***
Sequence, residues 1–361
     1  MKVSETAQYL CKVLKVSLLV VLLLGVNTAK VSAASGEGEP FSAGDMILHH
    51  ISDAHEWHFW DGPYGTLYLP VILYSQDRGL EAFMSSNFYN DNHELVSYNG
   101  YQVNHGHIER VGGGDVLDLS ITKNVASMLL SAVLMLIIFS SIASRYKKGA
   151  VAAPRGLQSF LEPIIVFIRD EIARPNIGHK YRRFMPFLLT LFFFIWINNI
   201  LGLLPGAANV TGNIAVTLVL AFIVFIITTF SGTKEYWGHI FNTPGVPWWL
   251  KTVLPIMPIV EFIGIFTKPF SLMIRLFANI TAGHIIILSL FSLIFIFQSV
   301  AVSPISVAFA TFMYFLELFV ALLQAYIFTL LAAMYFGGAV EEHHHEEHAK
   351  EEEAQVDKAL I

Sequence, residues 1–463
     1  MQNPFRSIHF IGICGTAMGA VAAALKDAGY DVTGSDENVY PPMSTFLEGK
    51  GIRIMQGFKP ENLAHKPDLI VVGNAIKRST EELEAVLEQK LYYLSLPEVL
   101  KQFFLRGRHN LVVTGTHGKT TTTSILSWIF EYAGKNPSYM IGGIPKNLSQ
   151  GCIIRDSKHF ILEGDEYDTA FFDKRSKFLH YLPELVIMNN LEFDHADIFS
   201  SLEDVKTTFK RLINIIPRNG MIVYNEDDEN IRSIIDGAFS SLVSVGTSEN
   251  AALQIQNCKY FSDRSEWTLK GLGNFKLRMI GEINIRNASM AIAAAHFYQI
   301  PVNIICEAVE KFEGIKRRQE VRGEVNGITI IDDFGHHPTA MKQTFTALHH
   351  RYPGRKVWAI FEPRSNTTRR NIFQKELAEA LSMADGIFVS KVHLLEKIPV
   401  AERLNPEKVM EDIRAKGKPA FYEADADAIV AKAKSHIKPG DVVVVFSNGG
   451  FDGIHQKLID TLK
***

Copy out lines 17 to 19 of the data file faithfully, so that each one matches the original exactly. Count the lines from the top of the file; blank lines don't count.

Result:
   301  PVNIICEAVE KFEGIKRRQE VRGEVNGITI IDDFGHHPTA MKQTFTALHH
   351  RYPGRKVWAI FEPRSNTTRR NIFQKELAEA LSMADGIFVS KVHLLEKIPV
   401  AERLNPEKVM EDIRAKGKPA FYEADADAIV AKAKSHIKPG DVVVVFSNGG